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Fender Tone Master Deluxe Reverb (And Twin) Review

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  • ICBMICBM Frets: 61638
    brooom said:

    I find this kind of technology is put to much better use when it actually brings something new to the table... which is not the case with the tonemasters.
    I think it does - *accurate* valve amp sound and dynamics, in one simple package, with fully controllable volume, loud enough to keep up with a drummer, and light enough to lift with one hand.

    OK none of those are new concepts by themselves, but put together they are. A lot of people having been saying they would give up their valve amps only when this circle was squared... well, now it has been. Probably - I haven't tried one myself yet (and I'm wary, after my experience with the ridiculously-hyped Boss Katana, which just sounded awful to me) - but some of the people who have, and reported that they do sound like the valve equivalent, are probably as cautious as I am.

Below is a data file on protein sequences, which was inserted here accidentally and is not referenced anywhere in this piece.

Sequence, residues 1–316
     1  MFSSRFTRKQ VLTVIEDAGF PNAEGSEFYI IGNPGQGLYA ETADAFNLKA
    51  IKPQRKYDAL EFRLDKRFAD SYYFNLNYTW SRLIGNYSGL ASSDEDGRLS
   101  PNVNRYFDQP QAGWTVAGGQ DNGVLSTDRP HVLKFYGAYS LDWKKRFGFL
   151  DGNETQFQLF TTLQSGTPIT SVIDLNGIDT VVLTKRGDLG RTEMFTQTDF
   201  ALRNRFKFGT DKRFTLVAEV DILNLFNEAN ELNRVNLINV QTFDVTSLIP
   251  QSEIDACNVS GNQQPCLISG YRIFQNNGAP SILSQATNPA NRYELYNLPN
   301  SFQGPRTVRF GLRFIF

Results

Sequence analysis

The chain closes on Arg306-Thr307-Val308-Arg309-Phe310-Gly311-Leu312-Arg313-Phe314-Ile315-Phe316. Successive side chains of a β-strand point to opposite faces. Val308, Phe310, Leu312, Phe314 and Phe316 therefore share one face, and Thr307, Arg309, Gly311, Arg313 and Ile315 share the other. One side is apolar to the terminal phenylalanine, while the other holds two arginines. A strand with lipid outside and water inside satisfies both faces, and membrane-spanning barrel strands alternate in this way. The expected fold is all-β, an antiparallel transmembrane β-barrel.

If they really do then the only remaining question is over the long-term reliability.

    "Take these three items, some WD-40, a vise grip, and a roll of duct tape. Any man worth his salt can fix almost any problem with this stuff alone." - Walt Kowalski

    "Just because I don't care, doesn't mean I don't understand." - Homer Simpson

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  • @ICBM had nailed it 
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  • brooombrooom Frets: 1060
    edited September 2020
    My point exactly there are no new concepts there, but I do agree that now they've been brought to the forefront by a big brand, under one package.  

    Like everything we shall wait and see how they fare in terms of reliability, also much like anything else, when the excitement period is over, they will eventually start popping up in the classifieds sections, as they do, and in the end people will still be keeping their favourite tube amps 
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  • monquixotemonquixote Frets: 15443
    tFB Trader
    It's much more about packaging a product that pushing the boundaries of technology.